Abandoned Car of the Week

A racing Torino

The Ford Torino name was revived in 2008 wth Clint Eastwood's movie "Gran Torino," which focused on a retired guy and his restored 1972 Gran Torino in a Detroit neighborhood. Ford built the mid-sized fastback Torino from 1968 through 1976. This 1970 Torino sponsored by Long-Lewis Ford in Alabama apparently spent some of its life in stock car racing.
(Photo by Ralph Gable)

A Dodge COE

This circa 1940 Dodge COE (cab over engine) truck cab was found in a Texas salvage yard. A straight 6-cylinder Chrysler Flathead was used in most of these trucks mated to a three- or four-speed manual transmission.
(Photo by Peter Hubbard)

Discovering a Nash 600

This post-war Nash 600 (circa 1946) was found resting safely behind a fence next to a brick building in the Detroit area. The Nash 600 is credited with being the first mass-produced American automobile using unitized body/frame construction techniques in which the car body and the frame are welded as one unit, rather than the more traditional body-on-frame. Built from 1941-1949, the "600" name comes from the car's ability to go 600 miles on one tank of gas. An advertisement for the '46 proclaims, "The new Nash 600 takes you an amazing 25 to 30 miles on a gallon of gasoline at moderate highway speeds — 500 to 600 miles on a tankful."
(Photo by Chris Sawyer)

Shovel nose Studebaker

This 1952 Studebaker was found languishing in an Arizona salvage yard. It is the so-called "shovel nose" Studebaker with a redesigned front end from 1951. The rest of the car, however, was a carryover from earlier years with its acres of glass in the Starlight coupe edition. Despite the redesign, sales figures were considerably lower than 1951. There were 246,195 Studebaker's sold in '51, and the number dropped to 167,662 in 1952. (Photo by Jim Prueter)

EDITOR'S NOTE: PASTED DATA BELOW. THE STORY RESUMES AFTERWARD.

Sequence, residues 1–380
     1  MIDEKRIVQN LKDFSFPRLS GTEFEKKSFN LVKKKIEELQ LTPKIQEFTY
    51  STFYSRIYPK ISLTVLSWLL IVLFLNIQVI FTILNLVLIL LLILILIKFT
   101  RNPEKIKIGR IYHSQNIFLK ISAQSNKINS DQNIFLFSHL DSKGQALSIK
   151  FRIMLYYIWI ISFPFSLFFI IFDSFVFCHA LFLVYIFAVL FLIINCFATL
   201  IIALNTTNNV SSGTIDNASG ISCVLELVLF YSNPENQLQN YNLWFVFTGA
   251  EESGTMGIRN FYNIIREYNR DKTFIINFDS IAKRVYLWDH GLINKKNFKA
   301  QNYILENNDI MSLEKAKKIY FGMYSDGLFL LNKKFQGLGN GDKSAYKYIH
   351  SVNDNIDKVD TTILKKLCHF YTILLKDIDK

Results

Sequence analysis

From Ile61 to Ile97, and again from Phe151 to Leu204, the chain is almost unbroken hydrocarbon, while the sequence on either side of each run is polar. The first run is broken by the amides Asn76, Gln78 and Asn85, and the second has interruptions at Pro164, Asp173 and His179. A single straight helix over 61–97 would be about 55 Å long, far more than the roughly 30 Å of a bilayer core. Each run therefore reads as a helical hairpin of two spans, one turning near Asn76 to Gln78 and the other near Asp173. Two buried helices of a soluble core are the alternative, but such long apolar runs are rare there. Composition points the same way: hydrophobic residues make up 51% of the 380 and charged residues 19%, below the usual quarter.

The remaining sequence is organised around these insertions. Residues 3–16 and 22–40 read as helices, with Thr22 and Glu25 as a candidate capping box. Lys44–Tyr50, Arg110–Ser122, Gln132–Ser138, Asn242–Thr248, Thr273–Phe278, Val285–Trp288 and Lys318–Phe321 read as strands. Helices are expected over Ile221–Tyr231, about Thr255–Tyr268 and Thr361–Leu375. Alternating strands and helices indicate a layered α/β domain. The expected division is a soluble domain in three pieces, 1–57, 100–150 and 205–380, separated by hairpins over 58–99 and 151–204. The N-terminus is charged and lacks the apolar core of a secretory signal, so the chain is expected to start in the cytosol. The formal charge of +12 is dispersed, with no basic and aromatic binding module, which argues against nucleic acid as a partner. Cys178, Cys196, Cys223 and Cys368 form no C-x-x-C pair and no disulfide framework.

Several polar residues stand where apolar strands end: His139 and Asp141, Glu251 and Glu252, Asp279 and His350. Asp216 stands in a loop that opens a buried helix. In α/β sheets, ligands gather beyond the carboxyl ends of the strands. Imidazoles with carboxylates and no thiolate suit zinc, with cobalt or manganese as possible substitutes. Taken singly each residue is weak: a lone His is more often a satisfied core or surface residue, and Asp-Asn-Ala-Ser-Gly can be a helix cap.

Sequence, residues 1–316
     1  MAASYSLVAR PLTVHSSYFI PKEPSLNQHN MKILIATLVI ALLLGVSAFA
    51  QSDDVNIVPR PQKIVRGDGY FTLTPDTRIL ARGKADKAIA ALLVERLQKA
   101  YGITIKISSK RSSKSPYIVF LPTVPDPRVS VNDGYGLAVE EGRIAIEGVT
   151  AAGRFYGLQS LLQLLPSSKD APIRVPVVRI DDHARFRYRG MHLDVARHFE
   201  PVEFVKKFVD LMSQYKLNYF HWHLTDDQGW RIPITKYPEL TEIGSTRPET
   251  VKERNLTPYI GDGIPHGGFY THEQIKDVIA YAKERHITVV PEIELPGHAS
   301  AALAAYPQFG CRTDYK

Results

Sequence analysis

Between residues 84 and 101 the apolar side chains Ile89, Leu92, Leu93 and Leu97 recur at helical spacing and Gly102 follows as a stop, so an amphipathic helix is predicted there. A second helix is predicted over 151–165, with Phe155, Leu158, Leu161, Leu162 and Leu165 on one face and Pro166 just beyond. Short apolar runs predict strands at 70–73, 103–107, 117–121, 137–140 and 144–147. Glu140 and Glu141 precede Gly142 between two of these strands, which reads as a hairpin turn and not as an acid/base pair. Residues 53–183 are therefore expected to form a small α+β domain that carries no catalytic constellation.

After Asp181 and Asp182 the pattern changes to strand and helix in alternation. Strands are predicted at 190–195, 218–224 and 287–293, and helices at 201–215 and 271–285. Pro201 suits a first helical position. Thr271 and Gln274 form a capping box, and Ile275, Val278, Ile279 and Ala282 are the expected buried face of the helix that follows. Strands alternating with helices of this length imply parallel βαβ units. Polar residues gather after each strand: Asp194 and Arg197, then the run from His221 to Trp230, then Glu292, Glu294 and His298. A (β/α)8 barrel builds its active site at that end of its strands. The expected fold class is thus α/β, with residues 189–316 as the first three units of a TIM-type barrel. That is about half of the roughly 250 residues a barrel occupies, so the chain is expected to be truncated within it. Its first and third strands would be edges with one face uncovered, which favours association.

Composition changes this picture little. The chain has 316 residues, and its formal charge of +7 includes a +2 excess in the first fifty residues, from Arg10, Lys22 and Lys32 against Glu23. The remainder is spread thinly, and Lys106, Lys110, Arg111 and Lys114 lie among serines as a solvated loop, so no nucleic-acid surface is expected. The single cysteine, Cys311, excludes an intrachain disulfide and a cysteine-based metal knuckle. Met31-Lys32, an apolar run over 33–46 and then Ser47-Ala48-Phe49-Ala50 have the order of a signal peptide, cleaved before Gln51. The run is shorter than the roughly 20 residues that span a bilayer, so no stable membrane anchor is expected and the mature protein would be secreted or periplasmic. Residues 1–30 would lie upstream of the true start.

Relic of the '70s

This 1975 Datsun B210 hatchback, which provided entry-level transportation, was found in Arizona. It was outfitted with a 70-horsepower 4-cylinder engine mated to a 4-speed manual. It featured rear-wheel drive. A sub-compact by today's standards, it measured 162 inches long with a 92-inch wheelbase. Zero to 60: 13 seconds.
(Photo by Jim Prueter)

The Great Depression Nash

The Nash LaFayette was the company's low-priced car in the 1930s developed to bolster sales during the Great Depression years. But the LaFayette had a hard time gaining traction during its first year in 1935 selling only 5,000 copies. Things improved in 1936 when 27,000 units went out the door. It rode on a 113-inch wheelbase with a 75-83 horsepower six cylinder. Retail cost ranged from $585 to $715. This 1936 model was discovered in a Texas salvage yard.
(Photo by Peter Hubbard)

Austin city limits

Austin is a British car company that dates back to the early years of the 20th Century. The name is perhaps best known in North America for manufacturing the Austin-Healey roadster. But its main emphasis was on family cars. An example is this circa 1950 Austin A70 discovered in a Texas salvage yard. It was built from 1948-1950. A sub-compact by today's standards with a wheelbase of 96 inches and a length of 163 inches. (Photo by Peter Hubbard)

A used up Impala

This 1965-1966 Chevrolet Impala has been picked clean of its engine and other parts, its driving life long over. Redesigned in 1965, the Impala set an all-time industry annual sales record of more than one million units in the United States. The 1965 had a new body that featured curved, frameless side glass (for pillar-less models), sharper angled windshield with newly reshaped vent windows, and redesigned full-coil suspension.
(Photo by Jim Meachen)

Depression-era Chevrolet

This 1935 Chevrolet work truck was discovered in Nevada. At the heart of 1930s era trucks was a Chevy inline-six-cylinder engine, which earned names like “Cast Iron Wonder” and “Stovebolt” for its rugged design. First produced in late 1928, the new engine had a modern overhead-valve design.
(Photo by Jim Prueter)

Almost unrecognizable 1938 Buick

A restored 1938 Buick can fetch a lot of cash these days. Unfortunately, this example spotted in a Texas field of used up cars of the past century is not one of them. Most 1938 Buicks came equipped with a straight eight engine of various sizes with horsepower ratings ranging from 120 to 168. Buick was the fourth best-selling car in 1938 behind the "Big Three" Chevrolet, Ford and Plymouth with 168,689 units sold.  (Photo by Peter Hubbard)